“Before Ivan, dey were fullll,” Dingis says, drawing out the word into a melancholy musical refrain. Grenadians refer to the hurricane that near-destroyed their island in September 2004 simply as “Ivan,” no need to include the “H” word. They have fully anthropomorphized the storm that eventually became a Category 5, top-of-the-charts hurricane. Though he was still a Category 3 when he crossed Grenada, Ivan killed at least forty-one of the island’s residents, damaged or destroyed 90 percent of its buildings and uprooted close to 90 percent of its nutmeg trees. “Ivan come lookin’ for his wife Janet,” Dingis had told us shortly afterward, describing the disaster. He had waited a long time: Janet, the previous hurricane to strike the island, had visited almost half a century earlier.
Back in Toronto after our first trip, we had kept in touch with Dingis, sharing from afar the milestones in her life and that of her teenage daughter, Gennel. Birthdays. Christmases. Illnesses. Funerals. And then the hurricane that “mash up” their house, and their island. “When you comin’ back?” Dingis had asked at the end of every long-distance conversation.
During that first stretch in Grenada, now almost a decade ago, she had always promised to take us to “deh country,” as she calls the part of the island we ’re now walking, where she grew up and where her father and two of her brothers still live. When we first met, her phrasing had made me laugh, since by my standards, Dingis herself lived solidly in “deh country.” Her Lower Woburn house was barely visible from the road behind a dense wall of tropical greenery— banana, breadfruit, mango and papaya trees; coconut palms; pigeon pea and pepper bushes. A few sheep and goats grazed on the steep hillside behind it, and a couple of clucking chickens pecked in the yard.
But now, up here, continuing on foot along the steep road from Union, I begin to understand. We pass only scattered houses, and are passed by only the very occasional car. This part of the island— more mountainous and with more rainfall than the south— has an all-pervasive greenness, a more intense lushness, and a coolness that is different from the other end. Thanks to the morning rain, the landscape seems freshly washed— glittering, even, where the sunlight splashes the still-wet foliage. “We would climb up and over deh mountain,” Dingis says, continuing her story as we walk, “to gather deh nutmegs, three hundred pounds in a day. My father had two donkeys— we would carry sacks of nutmegs partway down until we reach deh donkeys.”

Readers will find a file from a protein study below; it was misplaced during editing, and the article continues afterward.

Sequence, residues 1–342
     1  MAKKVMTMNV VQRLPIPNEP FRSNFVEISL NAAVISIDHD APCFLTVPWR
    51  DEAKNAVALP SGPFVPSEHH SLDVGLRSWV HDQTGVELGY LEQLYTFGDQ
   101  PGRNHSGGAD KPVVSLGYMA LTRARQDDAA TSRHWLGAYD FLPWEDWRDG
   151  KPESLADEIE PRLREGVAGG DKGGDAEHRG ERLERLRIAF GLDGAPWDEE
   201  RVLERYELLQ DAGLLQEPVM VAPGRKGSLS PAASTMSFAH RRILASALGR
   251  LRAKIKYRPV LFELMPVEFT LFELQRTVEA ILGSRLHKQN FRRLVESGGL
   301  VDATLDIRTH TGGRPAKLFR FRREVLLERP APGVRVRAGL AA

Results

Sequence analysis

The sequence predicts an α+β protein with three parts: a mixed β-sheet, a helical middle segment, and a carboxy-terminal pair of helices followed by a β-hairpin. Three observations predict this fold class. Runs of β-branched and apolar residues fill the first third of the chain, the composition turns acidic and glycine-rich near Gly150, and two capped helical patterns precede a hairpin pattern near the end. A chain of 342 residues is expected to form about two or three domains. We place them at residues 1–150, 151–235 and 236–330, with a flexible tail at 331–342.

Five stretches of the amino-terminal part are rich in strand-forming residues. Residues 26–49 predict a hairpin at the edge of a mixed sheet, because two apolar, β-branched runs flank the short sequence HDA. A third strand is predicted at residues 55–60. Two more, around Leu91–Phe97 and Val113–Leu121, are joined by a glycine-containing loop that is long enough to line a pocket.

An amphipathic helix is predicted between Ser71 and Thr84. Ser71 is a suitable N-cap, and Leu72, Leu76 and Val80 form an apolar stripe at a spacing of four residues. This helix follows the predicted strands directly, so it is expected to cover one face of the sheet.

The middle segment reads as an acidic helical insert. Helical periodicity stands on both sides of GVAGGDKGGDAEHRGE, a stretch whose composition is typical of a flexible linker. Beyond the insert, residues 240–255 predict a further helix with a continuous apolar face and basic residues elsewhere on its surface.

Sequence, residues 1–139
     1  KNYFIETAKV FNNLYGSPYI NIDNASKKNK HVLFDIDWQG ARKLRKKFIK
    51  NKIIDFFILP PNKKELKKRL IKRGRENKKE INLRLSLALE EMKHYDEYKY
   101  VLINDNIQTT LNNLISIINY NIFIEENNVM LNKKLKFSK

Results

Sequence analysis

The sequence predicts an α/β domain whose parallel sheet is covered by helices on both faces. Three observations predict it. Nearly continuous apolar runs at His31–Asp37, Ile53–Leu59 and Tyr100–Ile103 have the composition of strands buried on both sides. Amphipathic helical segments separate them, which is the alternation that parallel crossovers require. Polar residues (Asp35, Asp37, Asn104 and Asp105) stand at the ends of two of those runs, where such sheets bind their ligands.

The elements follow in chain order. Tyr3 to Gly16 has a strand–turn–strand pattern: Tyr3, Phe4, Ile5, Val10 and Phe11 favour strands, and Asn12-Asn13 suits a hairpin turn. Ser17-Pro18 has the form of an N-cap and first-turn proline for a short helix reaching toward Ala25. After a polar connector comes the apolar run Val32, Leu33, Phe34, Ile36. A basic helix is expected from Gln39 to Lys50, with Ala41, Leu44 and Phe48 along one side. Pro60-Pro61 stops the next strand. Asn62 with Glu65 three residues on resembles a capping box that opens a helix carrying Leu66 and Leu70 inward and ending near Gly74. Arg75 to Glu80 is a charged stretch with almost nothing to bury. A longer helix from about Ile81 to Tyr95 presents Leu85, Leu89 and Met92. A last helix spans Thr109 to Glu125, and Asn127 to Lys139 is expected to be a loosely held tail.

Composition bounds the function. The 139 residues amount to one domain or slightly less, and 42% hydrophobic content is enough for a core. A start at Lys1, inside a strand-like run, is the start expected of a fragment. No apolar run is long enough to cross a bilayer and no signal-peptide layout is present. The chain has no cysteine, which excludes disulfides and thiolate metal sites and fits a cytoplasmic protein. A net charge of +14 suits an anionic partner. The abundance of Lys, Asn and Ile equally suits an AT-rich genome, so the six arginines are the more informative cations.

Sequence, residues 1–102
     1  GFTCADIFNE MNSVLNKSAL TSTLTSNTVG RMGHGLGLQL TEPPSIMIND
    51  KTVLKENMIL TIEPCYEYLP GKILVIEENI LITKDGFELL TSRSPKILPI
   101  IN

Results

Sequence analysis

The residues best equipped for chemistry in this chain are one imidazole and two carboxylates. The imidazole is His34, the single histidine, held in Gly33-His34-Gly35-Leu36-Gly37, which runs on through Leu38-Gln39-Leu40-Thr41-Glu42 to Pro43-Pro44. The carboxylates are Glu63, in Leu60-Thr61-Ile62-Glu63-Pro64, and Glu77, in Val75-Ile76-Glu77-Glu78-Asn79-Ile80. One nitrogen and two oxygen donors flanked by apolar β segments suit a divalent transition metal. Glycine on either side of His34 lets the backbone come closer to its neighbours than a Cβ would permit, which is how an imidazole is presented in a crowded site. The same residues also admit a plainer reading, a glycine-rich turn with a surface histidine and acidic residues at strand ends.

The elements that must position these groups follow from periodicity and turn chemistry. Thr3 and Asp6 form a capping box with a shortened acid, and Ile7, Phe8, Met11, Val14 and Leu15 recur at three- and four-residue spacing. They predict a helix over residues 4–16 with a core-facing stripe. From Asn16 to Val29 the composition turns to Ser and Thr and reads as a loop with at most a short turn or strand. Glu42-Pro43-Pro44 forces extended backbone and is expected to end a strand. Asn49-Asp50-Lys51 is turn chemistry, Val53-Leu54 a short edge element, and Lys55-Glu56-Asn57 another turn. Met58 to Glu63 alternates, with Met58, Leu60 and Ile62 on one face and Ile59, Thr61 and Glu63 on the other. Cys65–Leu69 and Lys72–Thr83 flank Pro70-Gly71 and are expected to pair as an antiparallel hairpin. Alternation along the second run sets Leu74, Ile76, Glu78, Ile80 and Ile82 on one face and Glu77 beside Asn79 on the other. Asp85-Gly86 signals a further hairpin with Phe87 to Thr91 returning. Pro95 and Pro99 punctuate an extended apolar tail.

A nutmeg tree yields two spices. Its plump, apricot-like, yellow-orange fruit bursts open when ripe to reveal a lacy, strawberryred corset wrapping a hard, glossy-brown shell. This delicate red lace is the spice mace; the polished shell underneath contains the nutmeg itself. When the donkeys reached their house, Dingis and her brothers would remove the mace from the nutmegs, slipping it off the shell with their fingers and sorting it into three grades, based on the size of the pieces: “deh pretty, deh not so pretty and deh broken bits”; three hundred to four hundred pounds of nutmegs are needed to yield a single pound of mace. (Even now, as we pass the occasional house along the road, we see various-sized pieces of mace drying on front porches, spread in wooden trays and on plastic tarps.) McDonald Ignatius Naryan, Dingis’s father— everyone but his family calls him “Mr. Mac”—would then deliver the nutmegs to the processing station in the village.
When Dingis had first talked about bringing us to the country, her mom was alive, but a few years ago the eighty-three-year-old suffered a fatal stroke. “She pass, from deh pressure,” Dingis told us in a long-distance phone call. But Mr. Mac still lives in the house where Dingis once helped with the spice harvest. Settled in a straight-backed chair, Pepsi ball cap pushed back on his head, smiling broadly at the arrival of his daughter and her friends, he looks easily a decade younger than his ninety years. Though we know Mr. Mac has had a stroke too, and has trouble getting around, it’s not obvious at first meeting. With his brown trousers rolled up at the bottom, his feet bare and his face stubbly, he still looks like the farmer he once was. He is hard to understand, but we chalk this up to our difficulty with Grenadian English— the accent and vocabulary of the island’s older generations, in particular, take some getting used to— rather than to infirmity.
“Why do you think he still so strong and still look so good?” his fifty-one-year-old daughter now asks us. “It’s deh mountains.” The bare-bones house— worn wooden floors, hot, galvanized metal roof exposed on the interior, curtains tacked across the door frames of the bedrooms, bare mattresses— has ropes strung throughout, so Mr. Mac can help himself maneuver through it. And one of Dingis’s brothers, Rovel (short for Roosevelt), lives here and helps. But otherwise, the two pieces of ragged foam that cushion one of Mr. Mac’s chairs are about the sum of his extra comforts.